Last Monday, May 4, the City of San José announced it is refocusing its annual traffic safety report and moving forward with a Vision Zero plan (PDF). The plan, signed on to by Department of Transportation Director Hans Larsen, Chief of Police Larry Esquivel, and Mayor Sam Liccardo, outlines current efforts to improve engineering, education, enforcement, and outreach, and adds an emphasis on technology, policy, and partnerships. Silicon Valley Bicycle Coalition was specifically called out in the Partnerships section, along with other community-based groups and agency partners that promote safety as a goal. We have also been asked to partner with California Walks to co-chair a task force, led by Vice Mayor Rose Herrera, that will conduct community outreach meetings and strategy sessions in San José neighborhoods that have been most affected by traffic violence. The announcement of a Vision Zero goal was big news – roadway deaths now significantly outnumber homicides in San José. We’re excited to tackle this problem alongside our partners at California Walks, with support from city agencies, our elected leaders, and the police department. San José has done a great job at improving its built environment for bicyclists and pedestrians in recent years. Now its time to identify the biggest threats to safety and begin eliminating them so that people feel more confident choosing to travel by foot or by...

State legislation update

Last week was California Bike Advocacy Day and I joined advocates from around the state to meet with your state assemblymembers and senators in Sacramento. We started the trip by getting briefed by California Bicycle Coalition on the important asks: Increase the Active Transportation Program by $100 million: Last year was the first year California combined several funding programs to create the Active Transportation Program (ATP) for biking and walking projects. The state received over 800 applications and was able to fund fewer than 200. The current budget of $120 million isn’t sufficient to meet the demand cities have for biking and walking projects. Assembly Bill 902, Bicycle Diversion Programs: This bill will enable bicyclists ticketed for moving violations to participate in free bicycle education classes and have their fines reduced. This is a priority of the Roadway Safety Solutions Team. Assembly Bill 40, Prohibit Bridge Tolling of Bicyclists and Pedestrians: This bill prohibits tolls for walking and bicycling on state-owned bridges, including the Golden Gate Bridge, in order to not deter people from taking trips by bike or foot. Assembly Bill 1096, Electric Bicycle Classification: This bill would clarify the definition of electric bicycles (e-bikes) and make bicycling accessible to more people. I was able to meet with staff for the following legislators, most of whom were strongly in support of the proposed bills. A big thanks to their offices for taking the time to meet with us: Senator Jerry Hill Senator Bob Wiecowski Assemblymember Kevin Mullin Assemblymember Kansen Chu Assemblymember Evan Low Assemblymember Nora Campos CalBike also hosted an e-bike demo where I had the chance to...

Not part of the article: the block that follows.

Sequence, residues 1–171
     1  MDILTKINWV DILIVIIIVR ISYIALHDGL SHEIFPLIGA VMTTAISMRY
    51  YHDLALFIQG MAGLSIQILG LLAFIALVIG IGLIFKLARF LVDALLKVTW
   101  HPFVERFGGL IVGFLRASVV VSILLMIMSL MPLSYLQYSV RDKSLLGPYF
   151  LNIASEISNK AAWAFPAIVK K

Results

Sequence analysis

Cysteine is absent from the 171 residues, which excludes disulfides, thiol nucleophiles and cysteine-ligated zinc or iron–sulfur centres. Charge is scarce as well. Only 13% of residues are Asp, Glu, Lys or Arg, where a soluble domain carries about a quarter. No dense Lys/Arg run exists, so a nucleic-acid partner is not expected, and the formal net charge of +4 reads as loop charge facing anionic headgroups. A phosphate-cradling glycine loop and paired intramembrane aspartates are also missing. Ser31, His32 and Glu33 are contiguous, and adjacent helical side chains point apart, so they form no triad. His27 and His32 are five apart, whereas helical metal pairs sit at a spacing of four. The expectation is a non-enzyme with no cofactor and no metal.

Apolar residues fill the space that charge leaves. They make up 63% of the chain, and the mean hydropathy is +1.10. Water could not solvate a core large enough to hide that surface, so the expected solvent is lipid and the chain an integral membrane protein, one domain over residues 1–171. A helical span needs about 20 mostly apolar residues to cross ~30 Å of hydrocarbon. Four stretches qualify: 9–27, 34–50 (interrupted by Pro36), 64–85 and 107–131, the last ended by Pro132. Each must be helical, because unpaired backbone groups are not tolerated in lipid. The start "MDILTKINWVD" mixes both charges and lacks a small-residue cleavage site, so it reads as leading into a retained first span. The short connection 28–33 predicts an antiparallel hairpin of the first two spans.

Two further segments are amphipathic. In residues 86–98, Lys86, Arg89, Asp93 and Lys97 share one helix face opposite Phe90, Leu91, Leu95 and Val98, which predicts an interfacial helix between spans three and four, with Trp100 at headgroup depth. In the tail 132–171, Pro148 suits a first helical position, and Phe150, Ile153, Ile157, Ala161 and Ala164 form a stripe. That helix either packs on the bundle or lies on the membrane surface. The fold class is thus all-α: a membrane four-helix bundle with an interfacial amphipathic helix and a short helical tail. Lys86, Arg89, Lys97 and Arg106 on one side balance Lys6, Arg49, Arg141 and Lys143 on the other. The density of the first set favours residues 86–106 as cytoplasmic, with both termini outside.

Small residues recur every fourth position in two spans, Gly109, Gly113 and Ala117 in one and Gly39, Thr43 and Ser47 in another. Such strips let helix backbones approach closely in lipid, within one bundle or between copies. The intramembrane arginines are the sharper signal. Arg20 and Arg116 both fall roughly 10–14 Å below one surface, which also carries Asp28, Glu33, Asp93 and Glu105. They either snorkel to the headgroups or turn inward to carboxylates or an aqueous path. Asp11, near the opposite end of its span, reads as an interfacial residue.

Vision Zero proposed for San Jose

I had the pleasure of attending San Jose’s Rules and Open Government Committee meeting yesterday, during which members of the City Council moved forward a proposal from Councilmember Pierluigi Oliverio to formally implement a Vision Zero initiative. SVBC has been advocating for Vision Zero policies throughout our two counties for over three years, so we’re thrilled to see support in the Bay Area’s biggest city! San Jose would join other large cities like New York and San Francisco in declaring that no loss of life on our roadways is acceptable. In 2015 traffic deaths have exceeded homicides in San Jose. Currently San Mateo is the only city in our two counties that has already adopted a Vision Zero policy. San Jose’s consideration follows their acceptance of the U.S. Department of Transportation’s Mayors’ Challenge for Bicycle and Pedestrian Safety. Next stop: the City’s Transportation and Environment Committee, where more details about a potential Vision Zero program will be rolled into the Department of Transportation’s annual Transportation Safety Report. From there, we hope the proposed initiative will go to the full City Council for a vote and inclusion in the next city budget. Read Councilmember Oliverio’s memo here. Do you want your city to adopt a Vision Zero policy? Start by telling your city council to sign up for the Mayor’s...

San Mateo passes precedent-setting Sustainable Streets Plan

At Tuesday night’s City Council meeting in San Mateo, the passage of the city’s Sustainable Streets Plan was so inevitable that it wasn’t even pulled from the consent calendar. The Council voted unanimously to pass this plan which includes many visionary plans and ideas, including: Vision Zero A goal for zero roadway fatalities and a reduction in collisions involving injuries, Conceptual drawings for El Camino Real bikeways, Complete Streets, The prioritization of movement over vehicle storage, The goal to increase bicycle and pedestrian mode share to 30% by 2020, The adoption of the NACTO guidelines, and The elimination of Level of Service metrics in favor of Vehicle Miles Traveled metrics. We applaud the city for taking this action and look forward to working with them to help implement this plan. Congrats, San...

Mayors’ Challenge for Bicyclist and Pedestrian Safety